At least two police officers and one civilian were killed during a day of anti-government rallies in Sierra Leone’s capital, Freetown, on Wednesday, according to employees at the city’s major mortuary.
Sierra Leone’s government said earlier that there had been deaths, but they didn’t say how many. This was because protesters threw rocks and set fire to tires in the streets in response to rising economic problems and other problems.
The West African country, where prices are going up and there is a shortage of fuel, put a national curfew in place starting at 3 p.m. local time (1500 GMT) to try to stop the unrest.
As a government, we have the responsibility to protect every citizen of Sierra Leone. “What happened today was unfortunate and will be fully investigated,” said President Julius Maada Bio on Twitter.
In addition to the three bodies in the mortuary, reporters saw a fourth body of a civilian on a street in eastern Freetown.
The police chief and spokeswoman were unavailable for comment.
Reuters confirmed videos on social media showing massive groups of protestors and mounds of burning tyres in sections of the city, Freetown. Another video showed a group of young guys hurling rocks on a roadway that was filled with white smoke.
“People are upset about the country’s justice system, which is sickening, the daily price rises and economic hardship,” said Daniel Alpha Kamara, a university student.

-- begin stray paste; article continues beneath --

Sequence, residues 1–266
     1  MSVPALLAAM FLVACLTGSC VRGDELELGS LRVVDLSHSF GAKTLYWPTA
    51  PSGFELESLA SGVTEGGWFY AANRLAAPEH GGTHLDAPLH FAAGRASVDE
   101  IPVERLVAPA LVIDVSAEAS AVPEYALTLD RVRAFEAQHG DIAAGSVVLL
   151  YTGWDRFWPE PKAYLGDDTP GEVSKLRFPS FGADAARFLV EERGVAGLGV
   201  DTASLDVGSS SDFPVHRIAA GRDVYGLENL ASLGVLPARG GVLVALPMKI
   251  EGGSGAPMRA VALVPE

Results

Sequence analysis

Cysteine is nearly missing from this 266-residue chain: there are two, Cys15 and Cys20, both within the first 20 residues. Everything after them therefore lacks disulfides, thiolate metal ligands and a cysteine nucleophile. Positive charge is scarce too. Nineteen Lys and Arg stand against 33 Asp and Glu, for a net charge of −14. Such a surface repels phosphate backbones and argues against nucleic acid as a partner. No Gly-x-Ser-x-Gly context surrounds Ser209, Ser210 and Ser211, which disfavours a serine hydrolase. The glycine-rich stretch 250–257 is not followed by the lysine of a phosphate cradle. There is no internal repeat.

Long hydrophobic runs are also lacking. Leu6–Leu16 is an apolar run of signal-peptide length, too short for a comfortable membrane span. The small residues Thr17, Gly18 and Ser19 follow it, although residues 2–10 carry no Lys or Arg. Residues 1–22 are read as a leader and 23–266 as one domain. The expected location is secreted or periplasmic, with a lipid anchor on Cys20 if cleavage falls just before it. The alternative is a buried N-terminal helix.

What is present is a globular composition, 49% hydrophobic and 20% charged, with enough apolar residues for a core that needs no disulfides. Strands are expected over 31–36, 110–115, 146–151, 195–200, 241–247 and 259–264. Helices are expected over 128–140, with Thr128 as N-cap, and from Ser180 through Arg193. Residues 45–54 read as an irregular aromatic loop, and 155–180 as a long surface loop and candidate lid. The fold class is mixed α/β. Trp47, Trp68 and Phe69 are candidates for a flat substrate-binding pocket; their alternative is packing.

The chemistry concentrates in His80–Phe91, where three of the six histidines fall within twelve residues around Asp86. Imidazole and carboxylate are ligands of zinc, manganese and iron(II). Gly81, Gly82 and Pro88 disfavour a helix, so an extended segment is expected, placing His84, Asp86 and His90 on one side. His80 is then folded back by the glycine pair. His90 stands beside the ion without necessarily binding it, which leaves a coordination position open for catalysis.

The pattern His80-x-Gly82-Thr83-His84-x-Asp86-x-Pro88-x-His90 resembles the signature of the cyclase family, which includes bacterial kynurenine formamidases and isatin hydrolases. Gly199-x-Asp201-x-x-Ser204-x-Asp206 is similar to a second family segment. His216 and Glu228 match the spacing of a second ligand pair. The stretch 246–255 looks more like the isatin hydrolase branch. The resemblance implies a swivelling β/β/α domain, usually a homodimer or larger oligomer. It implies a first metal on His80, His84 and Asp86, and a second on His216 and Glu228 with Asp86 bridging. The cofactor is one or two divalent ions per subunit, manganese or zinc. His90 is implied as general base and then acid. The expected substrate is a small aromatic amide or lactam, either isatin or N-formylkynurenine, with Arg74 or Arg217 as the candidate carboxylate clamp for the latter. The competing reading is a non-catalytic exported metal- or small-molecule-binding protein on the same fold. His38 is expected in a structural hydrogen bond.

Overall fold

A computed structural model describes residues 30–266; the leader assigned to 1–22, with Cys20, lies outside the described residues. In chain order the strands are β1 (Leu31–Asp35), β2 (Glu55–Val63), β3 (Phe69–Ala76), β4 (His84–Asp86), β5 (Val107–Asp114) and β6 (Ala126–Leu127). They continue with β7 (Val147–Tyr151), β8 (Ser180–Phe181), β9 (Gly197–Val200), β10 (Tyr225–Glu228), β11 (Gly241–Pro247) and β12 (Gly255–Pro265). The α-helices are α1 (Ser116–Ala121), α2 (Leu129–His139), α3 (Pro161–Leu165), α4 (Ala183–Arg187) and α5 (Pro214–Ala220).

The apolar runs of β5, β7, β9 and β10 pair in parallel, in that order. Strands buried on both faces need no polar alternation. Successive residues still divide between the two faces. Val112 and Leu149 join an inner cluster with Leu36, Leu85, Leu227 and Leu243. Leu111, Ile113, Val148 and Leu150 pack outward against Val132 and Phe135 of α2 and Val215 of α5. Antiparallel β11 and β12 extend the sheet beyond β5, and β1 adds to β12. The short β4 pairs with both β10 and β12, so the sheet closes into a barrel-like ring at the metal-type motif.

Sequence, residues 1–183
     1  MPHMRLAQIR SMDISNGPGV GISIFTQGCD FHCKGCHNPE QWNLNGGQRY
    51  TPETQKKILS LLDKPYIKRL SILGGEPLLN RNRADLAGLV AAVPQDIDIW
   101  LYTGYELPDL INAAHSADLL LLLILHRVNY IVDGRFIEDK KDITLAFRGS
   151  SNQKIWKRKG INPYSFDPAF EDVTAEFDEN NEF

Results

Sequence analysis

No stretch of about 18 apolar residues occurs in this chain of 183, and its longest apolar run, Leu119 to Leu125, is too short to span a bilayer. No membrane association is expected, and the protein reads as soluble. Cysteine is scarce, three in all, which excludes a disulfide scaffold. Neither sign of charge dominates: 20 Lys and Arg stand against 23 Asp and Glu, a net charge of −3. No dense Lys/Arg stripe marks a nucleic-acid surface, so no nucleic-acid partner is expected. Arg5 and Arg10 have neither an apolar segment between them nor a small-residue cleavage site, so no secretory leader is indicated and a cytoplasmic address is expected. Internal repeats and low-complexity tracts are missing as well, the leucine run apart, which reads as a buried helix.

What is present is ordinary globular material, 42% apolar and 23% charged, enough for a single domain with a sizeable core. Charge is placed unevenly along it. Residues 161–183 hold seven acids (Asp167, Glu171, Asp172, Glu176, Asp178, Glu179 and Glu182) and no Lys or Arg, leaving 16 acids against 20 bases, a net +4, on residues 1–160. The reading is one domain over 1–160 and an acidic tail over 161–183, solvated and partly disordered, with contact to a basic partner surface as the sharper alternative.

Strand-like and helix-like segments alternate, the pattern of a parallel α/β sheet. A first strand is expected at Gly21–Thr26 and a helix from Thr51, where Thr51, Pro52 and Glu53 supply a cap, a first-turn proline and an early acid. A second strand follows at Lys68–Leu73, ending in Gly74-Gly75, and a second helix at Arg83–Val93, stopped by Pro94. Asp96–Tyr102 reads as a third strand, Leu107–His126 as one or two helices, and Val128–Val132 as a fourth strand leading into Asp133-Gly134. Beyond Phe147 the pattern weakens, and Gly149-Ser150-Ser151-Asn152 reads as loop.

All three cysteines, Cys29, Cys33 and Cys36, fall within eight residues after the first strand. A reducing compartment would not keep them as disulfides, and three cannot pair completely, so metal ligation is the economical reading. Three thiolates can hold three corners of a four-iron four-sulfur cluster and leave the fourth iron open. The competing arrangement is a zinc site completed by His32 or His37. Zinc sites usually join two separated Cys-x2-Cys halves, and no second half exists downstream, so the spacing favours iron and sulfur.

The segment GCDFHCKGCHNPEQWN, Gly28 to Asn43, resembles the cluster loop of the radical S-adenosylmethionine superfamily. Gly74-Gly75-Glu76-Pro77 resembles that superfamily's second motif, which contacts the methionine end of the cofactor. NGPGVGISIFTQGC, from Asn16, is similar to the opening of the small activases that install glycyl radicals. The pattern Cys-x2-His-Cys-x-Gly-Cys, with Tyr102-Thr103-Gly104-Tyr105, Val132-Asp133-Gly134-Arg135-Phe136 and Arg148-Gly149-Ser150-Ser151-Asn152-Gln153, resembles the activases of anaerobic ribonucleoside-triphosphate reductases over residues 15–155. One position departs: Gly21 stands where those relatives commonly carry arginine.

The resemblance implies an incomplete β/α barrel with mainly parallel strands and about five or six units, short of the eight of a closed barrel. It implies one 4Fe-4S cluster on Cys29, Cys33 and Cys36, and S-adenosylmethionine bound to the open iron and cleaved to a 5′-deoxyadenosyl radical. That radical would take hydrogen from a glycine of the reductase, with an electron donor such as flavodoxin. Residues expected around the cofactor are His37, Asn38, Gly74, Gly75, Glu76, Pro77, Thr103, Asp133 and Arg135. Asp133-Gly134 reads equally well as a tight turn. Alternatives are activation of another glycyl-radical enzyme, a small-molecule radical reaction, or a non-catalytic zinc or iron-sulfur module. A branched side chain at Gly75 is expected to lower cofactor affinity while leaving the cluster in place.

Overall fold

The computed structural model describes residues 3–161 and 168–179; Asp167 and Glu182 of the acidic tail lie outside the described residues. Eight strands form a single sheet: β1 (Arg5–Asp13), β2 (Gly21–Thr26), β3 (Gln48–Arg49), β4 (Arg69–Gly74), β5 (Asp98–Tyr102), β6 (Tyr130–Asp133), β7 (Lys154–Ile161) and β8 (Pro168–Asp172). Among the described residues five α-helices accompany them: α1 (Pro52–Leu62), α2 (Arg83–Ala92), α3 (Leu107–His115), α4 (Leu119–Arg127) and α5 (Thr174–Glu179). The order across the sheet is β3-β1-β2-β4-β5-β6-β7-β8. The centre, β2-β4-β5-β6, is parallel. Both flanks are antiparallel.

The violence started at around 10:30 a.m. local time, he said, when he saw clouds of tear gas rising up outside his dormitory room.
“These unscrupulous individuals have embarked on a violent and unauthorised protest which has led to the loss of lives of innocent Sierra Leoneans, including security personnel,” said Vice President Mohamed Juldeh Jalloh in a video address.
“The government hereby declares a nationwide curfew,” he said. “The security sector has been authorised to fully enforce this directive.”
In a Twitter post, the regional political and economic bloc ECOWAS said it was against the violence and called for “all to obey law and order and for the people who did the violence to be found and brought to justice.”
According to Augustine Sorie-Sengbe Marrah, a constitutional lawyer and governance activist, discontent has been bubbling up for a variety of reasons, including a perceived lack of government assistance for ordinary people who are struggling.
“There has been little empathy from the central government to encourage folks that they see them suffering, and that they understand these are tough economic times,” he told reporters.
Long-standing dissatisfaction has been exacerbated by rising costs for essential items in Sierra Leone, where the World Bank estimates that more than half the population of about 8 million lives below the poverty line.
Earlier on Wednesday, NetBlocks reported that during the demonstrations, Sierra Leone had a near-total internet blackout, with countrywide connections falling to 5% of normal levels.
According to an internal letter widely circulated online, the national security coordinator ordered the armed forces to be ready to support the police from Aug. 9 to 12, warning of a “possibly violent security scenario.”